Virtuoso’s top US advisors ‘moving out of recovery and into normalcy’

Virtuoso’s top advisors have said they are moving out of the recovery phase of Covid-19 and into levels of pre-pandemic “normalcy”.

Erina Pindar, managing director of SmartFlyer, said the business is “out of recovery and looking forward”, while Gary Johnson, who owns Woodside Travel in Seattle, said his agency is “going in the right direction now”.

Joshua Bush, chief executive of Avenue Two Travel, which employs over 100 independent contractors across the United States, said his agency is “moving out of recovery and back into some normalcy” and had seen a 30% increase in calls in the last two weeks despite the presence of the Delta variant. 

Bush said one of the ways the company had been combatting border changes and travel restrictions was ‘trip stacking’, whereby the agency books multiple trips over the same dates and utilises operators’ flexible cancellation policies to postpone whichever trip isn’t used. 

“This guarantees that they're able to do something, but it also helps build the pipeline for us,” he said, highlighting one client who has booked a Silversea Cruise and a Hawaiian trip over the same dates in October.

“The Silversea Cruise has a 30 day cancellation and the Hawaiian trip has seven days’ cancellation,” he said. 

“They're going to do both. They're going to cancel one but then shift that one back so we built this pipeline for them and it ensures that the clients are actually going to get to go on a trip, because it's been so long that they've had a chance to do so.”

Johnson agreed, adding: “We’re doing pretty much same thing. I've been doing double bookings for about a year, especially with Fiji. We keep thinking Fiji is going to open so we booked people to go, but then we booked them in a Hawaii destination because we know one will fall and one will take hold.”

But Pindar said SmartFlyer would only book trips to destinations that are currently open.

“And I think that's part of being a good advisor, you have to understand what's available,” she said.

“We're not in 2020 anymore. We just don't know [when certain destinations will open] and the booking windows are way shorter than they were before, seasonality is flat, so we can only book what is available to us at the moment.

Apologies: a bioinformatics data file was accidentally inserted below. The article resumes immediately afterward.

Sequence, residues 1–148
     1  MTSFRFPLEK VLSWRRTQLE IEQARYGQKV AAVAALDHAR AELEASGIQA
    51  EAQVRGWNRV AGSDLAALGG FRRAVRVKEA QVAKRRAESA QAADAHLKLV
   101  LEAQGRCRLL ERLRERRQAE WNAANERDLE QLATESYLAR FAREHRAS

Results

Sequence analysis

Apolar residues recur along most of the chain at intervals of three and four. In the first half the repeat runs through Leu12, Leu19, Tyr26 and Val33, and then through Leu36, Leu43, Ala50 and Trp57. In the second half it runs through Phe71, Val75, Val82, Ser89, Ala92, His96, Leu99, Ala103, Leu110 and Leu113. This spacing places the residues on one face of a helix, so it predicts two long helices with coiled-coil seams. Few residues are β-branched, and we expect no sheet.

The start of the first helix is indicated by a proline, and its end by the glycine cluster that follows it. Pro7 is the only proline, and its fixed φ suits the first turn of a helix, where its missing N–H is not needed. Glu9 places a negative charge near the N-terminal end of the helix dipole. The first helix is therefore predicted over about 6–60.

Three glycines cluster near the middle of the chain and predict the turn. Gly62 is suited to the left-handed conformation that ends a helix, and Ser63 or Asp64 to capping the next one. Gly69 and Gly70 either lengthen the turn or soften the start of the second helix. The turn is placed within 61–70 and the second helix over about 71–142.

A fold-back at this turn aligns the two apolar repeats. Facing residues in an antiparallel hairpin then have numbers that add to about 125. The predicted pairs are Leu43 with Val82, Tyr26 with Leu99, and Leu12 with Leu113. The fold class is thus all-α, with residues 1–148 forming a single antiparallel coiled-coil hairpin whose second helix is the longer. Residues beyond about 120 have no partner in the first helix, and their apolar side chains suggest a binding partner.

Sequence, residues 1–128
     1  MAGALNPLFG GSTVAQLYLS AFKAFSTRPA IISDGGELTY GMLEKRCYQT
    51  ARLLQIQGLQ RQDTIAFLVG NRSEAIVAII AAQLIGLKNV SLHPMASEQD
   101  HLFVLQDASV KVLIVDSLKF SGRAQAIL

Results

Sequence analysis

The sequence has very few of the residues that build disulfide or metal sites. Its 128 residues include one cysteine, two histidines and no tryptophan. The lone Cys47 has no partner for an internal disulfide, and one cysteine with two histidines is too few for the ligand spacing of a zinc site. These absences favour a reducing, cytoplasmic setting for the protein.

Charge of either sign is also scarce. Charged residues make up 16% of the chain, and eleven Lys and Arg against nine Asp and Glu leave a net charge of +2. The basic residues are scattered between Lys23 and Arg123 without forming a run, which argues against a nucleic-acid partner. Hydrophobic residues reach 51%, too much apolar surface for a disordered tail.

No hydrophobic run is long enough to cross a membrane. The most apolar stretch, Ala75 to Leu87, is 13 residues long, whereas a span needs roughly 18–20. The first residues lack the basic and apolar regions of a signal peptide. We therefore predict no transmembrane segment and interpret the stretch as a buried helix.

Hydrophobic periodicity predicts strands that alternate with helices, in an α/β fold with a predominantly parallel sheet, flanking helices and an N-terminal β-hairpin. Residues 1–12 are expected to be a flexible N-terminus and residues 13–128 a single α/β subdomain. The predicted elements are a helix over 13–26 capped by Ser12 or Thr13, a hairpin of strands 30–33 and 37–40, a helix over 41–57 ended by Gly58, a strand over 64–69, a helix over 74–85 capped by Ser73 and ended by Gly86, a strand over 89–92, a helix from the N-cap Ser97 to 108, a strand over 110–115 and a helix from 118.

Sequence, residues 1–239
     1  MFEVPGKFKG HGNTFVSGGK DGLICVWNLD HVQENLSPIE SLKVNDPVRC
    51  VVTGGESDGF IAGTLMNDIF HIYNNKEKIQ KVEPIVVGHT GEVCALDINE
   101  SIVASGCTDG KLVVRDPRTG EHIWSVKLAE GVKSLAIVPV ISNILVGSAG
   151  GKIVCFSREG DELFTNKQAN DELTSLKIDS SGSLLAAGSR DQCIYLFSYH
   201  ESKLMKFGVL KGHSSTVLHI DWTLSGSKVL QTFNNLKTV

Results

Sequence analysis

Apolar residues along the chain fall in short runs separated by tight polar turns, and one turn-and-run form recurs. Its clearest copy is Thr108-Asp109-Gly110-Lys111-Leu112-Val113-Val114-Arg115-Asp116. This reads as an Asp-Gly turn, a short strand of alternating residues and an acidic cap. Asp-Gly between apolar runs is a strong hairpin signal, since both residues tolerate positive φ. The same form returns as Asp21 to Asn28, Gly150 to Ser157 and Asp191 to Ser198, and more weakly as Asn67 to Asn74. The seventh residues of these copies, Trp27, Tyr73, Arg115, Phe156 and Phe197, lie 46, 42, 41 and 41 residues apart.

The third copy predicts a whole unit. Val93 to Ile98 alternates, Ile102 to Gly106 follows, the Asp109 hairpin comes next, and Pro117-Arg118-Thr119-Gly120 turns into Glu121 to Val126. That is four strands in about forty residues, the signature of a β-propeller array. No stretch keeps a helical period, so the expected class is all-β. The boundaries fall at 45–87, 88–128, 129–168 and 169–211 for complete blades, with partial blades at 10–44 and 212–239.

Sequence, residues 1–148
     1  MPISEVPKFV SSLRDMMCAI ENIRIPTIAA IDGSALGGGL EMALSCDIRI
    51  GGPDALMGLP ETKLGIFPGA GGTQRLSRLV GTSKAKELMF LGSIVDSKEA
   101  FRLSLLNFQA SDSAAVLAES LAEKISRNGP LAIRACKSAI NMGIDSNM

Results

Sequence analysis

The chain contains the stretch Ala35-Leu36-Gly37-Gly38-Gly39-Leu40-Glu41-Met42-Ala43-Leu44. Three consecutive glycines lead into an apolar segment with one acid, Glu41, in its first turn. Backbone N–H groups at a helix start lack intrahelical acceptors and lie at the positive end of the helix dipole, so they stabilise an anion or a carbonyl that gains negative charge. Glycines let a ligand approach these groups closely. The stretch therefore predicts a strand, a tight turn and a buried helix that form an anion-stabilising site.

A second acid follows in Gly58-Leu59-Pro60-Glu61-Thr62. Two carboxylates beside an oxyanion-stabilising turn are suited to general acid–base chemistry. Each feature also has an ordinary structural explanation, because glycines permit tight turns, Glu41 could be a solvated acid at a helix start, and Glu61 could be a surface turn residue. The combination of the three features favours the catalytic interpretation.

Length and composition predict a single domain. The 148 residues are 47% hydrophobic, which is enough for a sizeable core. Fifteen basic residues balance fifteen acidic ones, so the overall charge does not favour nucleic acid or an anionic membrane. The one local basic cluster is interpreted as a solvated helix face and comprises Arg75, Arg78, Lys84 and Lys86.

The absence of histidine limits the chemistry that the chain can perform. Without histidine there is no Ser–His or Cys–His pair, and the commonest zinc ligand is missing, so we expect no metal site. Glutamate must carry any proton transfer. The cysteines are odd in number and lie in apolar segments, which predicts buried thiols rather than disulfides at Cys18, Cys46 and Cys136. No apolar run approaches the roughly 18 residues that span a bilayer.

“I think [that transparency] makes clients more comfortable. Predictability is important these days. And the bookings speak for themselves; they're larger and longer than ever.”

Tania Swasbrook, vice president and luxury travel designer at Travelworld International Group, agreed, adding that clients weren’t particularly fussy about where they travelled as long as they could get away.

“I’m seeing a lot of words like ‘worry fatigue’ where people [don’t know when a country will open or close again] so they want to go now. I get daily questions about Delta but they're not cancelling, they're saying, ‘Look, I want to go. Let's make this happen.’ And if a country closes down then you switch to a different location. They're going. It's a shift, not a cancellation.”

Speaking on a virtual live-streamed press panel at Virtuoso Travel Week in Las Vegas, the speakers all agreed that the role of a good travel agent had never been so apparent.

“We’re finding now more than ever, using a Virtuoso travel advisor for the little things [is so important],” Johnson said. 

“People call us wanting to go to Canada, they want to know when the borders will open, they're wanting to navigate the testing to go to Hawaii, and they're saying we could never do it without working with a professional Virtuoso advisor.

“So we're finding a lot of new clients are coming that way, who are looking for help because they've given up trying to do it themselves because it changes so often.”

Pindar agreed, adding: “Using a travel advisor now more than ever is the most valuable time to do so."


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